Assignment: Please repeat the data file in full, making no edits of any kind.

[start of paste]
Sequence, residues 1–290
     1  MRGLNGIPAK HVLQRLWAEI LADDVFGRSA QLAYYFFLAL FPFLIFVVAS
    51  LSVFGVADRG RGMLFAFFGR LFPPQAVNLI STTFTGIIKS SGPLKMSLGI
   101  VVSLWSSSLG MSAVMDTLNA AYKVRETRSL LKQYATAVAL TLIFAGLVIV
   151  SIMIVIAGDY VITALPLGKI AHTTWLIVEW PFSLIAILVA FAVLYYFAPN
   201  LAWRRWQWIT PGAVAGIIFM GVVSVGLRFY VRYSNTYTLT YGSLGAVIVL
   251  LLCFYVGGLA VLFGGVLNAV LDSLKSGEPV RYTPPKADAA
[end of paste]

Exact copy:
Sequence, residues 1–290
     1  MRGLNGIPAK HVLQRLWAEI LADDVFGRSA QLAYYFFLAL FPFLIFVVAS
    51  LSVFGVADRG RGMLFAFFGR LFPPQAVNLI STTFTGIIKS SGPLKMSLGI
   101  VVSLWSSSLG MSAVMDTLNA AYKVRETRSL LKQYATAVAL TLIFAGLVIV
   151  SIMIVIAGDY VITALPLGKI AHTTWLIVEW PFSLIAILVA FAVLYYFAPN
   201  LAWRRWQWIT PGAVAGIIFM GVVSVGLRFY VRYSNTYTLT YGSLGAVIVL
   251  LLCFYVGGLA VLFGGVLNAV LDSLKSGEPV RYTPPKADAA